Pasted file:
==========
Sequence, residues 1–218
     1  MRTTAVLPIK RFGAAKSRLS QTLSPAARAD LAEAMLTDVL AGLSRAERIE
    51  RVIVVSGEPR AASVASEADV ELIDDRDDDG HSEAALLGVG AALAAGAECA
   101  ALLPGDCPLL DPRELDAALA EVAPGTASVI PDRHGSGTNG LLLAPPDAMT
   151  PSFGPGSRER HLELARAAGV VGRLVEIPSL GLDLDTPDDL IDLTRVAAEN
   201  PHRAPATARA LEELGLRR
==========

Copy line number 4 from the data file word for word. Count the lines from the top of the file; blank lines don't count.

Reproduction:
   101  ALLPGDCPLL DPRELDAALA EVAPGTASVI PDRHGSGTNG LLLAPPDAMT